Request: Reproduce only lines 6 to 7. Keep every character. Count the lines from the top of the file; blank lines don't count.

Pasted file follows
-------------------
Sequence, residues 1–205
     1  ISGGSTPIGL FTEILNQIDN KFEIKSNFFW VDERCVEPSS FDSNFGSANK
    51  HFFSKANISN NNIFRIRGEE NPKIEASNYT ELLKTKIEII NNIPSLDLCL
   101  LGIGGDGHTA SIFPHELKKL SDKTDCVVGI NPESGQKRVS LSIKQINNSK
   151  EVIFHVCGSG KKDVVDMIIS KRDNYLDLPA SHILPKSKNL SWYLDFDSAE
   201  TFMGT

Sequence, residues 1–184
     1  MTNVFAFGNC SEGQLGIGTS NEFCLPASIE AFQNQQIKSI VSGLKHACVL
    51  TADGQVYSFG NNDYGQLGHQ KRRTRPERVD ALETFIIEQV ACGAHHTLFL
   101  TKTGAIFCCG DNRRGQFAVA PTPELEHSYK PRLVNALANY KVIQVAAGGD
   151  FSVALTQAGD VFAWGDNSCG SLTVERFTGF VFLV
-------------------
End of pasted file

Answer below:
   201  TFMGT

Sequence, residues 1–184